As a parent, my wife and I are exposed to some pretty creative thinking. Our 15- year-old son imaginatively explores ways to convince us to attend EDM shows alone with his friends, our 12-year-old daughter is blossoming into a skilled negotiator who attempts to arrange yet another sleepover, while our 7-yr old son less gracefully asserts his need for the newest must-have toys and apps. While I marvel at their verbal skills and applaud their persuasive abilities to convince us of their needs, we seek to raise children capable of making their own “choices” and understanding their consequences. While much of my professional life has been focused on executive leadership development for adults, critical thinking skills need to be developed early in life.  Understanding the thought process that goes with making choices (or decisions) is critical to developing a sharp mind.

Fast forward to the executive running a large plant who needs to automate a production line with the latest technology to drive greater speed and efficiency, or even to the sales professional who has to drop the price to close the deal and beat the competition while still meeting margins. The cost/benefit ratio in these scenarios is much more complex. The trade-offs and interrelated variables can be mind-boggling when you add in volatile markets, global economies, and emerging and mature market needs. Add a dash of disruptive technology, and it’s not your basic math. Executive leadership development is complex.  Organizations need strong, agile leaders who can be critical thinkers and make sound decisions in any given situation by finding the balance point between short and long-term measures, global and local needs, building infrastructure and reaping results, and so on.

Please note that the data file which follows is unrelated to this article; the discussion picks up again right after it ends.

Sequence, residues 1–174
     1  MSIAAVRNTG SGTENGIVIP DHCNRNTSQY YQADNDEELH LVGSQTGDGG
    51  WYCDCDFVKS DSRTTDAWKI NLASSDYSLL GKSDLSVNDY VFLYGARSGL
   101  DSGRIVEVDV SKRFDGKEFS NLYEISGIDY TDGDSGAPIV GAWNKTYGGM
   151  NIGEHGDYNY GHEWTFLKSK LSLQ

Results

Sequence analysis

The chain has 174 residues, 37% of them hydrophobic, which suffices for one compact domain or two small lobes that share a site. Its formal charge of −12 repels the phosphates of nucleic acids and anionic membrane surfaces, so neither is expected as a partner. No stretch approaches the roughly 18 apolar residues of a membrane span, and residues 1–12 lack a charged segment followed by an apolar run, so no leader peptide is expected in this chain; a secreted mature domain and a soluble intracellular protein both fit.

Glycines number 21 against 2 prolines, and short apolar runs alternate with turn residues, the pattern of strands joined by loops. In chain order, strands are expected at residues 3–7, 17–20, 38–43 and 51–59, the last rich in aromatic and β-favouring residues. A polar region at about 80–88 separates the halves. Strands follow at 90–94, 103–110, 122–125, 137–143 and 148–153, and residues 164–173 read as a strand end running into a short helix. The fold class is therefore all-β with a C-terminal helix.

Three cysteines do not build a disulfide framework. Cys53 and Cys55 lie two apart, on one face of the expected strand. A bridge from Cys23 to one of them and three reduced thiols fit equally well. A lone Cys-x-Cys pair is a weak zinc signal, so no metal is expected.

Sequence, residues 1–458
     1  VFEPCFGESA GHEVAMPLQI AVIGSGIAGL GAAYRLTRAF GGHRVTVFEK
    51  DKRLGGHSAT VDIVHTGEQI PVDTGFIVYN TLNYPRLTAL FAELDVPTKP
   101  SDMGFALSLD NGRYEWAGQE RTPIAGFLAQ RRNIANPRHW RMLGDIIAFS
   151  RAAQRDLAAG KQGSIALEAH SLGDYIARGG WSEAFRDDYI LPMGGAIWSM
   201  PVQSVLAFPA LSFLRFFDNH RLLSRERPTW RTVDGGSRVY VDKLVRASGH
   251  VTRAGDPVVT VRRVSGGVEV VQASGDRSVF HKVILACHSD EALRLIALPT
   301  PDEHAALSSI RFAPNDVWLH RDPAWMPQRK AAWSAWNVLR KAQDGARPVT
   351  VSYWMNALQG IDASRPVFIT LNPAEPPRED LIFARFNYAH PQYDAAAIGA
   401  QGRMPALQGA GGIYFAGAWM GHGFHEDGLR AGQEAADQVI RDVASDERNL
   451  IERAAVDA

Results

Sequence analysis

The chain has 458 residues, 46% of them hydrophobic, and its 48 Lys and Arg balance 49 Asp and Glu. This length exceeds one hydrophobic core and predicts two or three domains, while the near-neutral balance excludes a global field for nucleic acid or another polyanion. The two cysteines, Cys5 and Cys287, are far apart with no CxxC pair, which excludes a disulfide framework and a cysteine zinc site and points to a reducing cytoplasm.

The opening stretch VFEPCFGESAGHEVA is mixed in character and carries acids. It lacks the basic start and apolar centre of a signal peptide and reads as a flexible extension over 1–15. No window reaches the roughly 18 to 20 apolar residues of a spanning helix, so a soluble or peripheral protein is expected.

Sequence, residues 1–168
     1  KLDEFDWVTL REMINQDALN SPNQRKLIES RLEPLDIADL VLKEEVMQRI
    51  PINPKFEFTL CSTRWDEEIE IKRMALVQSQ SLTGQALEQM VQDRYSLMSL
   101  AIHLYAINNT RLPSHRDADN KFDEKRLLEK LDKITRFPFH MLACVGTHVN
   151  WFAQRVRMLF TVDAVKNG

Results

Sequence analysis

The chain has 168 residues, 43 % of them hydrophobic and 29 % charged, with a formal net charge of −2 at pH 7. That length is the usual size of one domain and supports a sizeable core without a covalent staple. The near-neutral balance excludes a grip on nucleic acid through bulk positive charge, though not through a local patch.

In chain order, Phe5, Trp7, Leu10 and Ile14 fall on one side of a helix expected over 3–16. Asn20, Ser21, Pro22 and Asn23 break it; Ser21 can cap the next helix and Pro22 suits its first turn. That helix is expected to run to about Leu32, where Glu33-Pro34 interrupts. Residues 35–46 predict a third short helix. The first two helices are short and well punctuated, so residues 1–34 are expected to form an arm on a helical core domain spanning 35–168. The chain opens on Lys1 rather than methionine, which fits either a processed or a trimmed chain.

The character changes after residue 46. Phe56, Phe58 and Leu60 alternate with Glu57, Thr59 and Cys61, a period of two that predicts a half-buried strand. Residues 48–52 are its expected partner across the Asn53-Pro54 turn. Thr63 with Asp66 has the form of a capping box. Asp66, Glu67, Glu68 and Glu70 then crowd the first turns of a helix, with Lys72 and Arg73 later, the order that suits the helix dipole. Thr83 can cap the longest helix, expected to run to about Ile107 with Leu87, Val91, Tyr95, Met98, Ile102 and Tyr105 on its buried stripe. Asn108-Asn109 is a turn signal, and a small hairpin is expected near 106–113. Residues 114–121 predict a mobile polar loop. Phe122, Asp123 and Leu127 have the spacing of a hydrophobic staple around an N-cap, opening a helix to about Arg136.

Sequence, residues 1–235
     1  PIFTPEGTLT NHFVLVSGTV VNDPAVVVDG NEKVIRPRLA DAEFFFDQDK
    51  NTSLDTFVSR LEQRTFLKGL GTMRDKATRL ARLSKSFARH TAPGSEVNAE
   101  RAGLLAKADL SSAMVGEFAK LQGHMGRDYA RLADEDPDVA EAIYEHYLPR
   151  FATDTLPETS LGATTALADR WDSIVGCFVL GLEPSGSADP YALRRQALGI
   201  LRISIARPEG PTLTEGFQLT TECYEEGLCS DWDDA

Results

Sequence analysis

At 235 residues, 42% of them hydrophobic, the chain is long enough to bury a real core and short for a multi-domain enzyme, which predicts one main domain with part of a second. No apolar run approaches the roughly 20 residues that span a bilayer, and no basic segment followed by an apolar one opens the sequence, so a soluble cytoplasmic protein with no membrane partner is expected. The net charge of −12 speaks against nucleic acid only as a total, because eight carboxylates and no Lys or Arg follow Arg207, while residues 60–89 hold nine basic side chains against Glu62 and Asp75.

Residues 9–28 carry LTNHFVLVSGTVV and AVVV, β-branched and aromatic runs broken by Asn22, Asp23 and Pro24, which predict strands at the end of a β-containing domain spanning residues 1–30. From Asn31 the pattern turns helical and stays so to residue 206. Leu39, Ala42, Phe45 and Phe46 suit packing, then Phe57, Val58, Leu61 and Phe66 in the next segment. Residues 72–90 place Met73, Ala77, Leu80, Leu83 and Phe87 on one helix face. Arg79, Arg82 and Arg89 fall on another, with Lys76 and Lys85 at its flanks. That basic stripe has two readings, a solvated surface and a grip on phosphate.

Several years ago an article from NY Times Op-Ed columnist Thomas Friedman titled “The Start-Up of You”, sums up the challenge of finding strong leaders. Organizations “are all looking for the same kind of people—people who not only have the critical thinking skills to do the value-adding jobs that technology can’t, but also people who can invent, adapt and reinvent their jobs every day, in a market that changes faster than ever.” Two things jump off the page from this quotation: (1) If everyone seeks these same “value” leaders, we have to develop more of them; and (2) these leadership skills (invent, adapt, and reinvent) are disruptive.

Having an organization of people who invent, adapt, and reinvent themselves sounds like chaos. The paradox is that for an organization to thrive and grow today, a creative tension or balance between chaos and order must be found. And, it can’t be exercised just in the boardroom. This means organizations need to encourage and build the “muscle” to embrace systems or “both/and” thinking. Achieving what Friedman advises is not an easy task.

During childhood, we start building the muscle through mental models and biases about the way things should work – owning our choices and the consequences. Our perception of the complexity of systems at play and our understanding of how those systems work challenge us to make better decisions later in life as leaders. For my part, I will continue to develop strategies and techniques that consistently build these skills for both my employees and my clients through executive leadership development experiences.  At home, I’ll be working on the leaders of tomorrow.

As vice president of operations at The Regis Company, Kevin Himmel is responsible for supporting and overseeing software development, experience design, global deployment, and support functions. Since joining The Regis Company in 2003, Kevin has contributed to spearheading transformative learning initiatives at some of the world’s largest companies. Kevin remains focused on driving The Regis Company’s operational efficiencies by building intuitive and scalable software, emphasizing human-centered design, and supporting greater value through the use of agile frameworks. Kevin earned a master’s degree in instructional technology and a bachelor’s degree in management and entrepreneurship, both from Northern Illinois University.

Kevin Himmel

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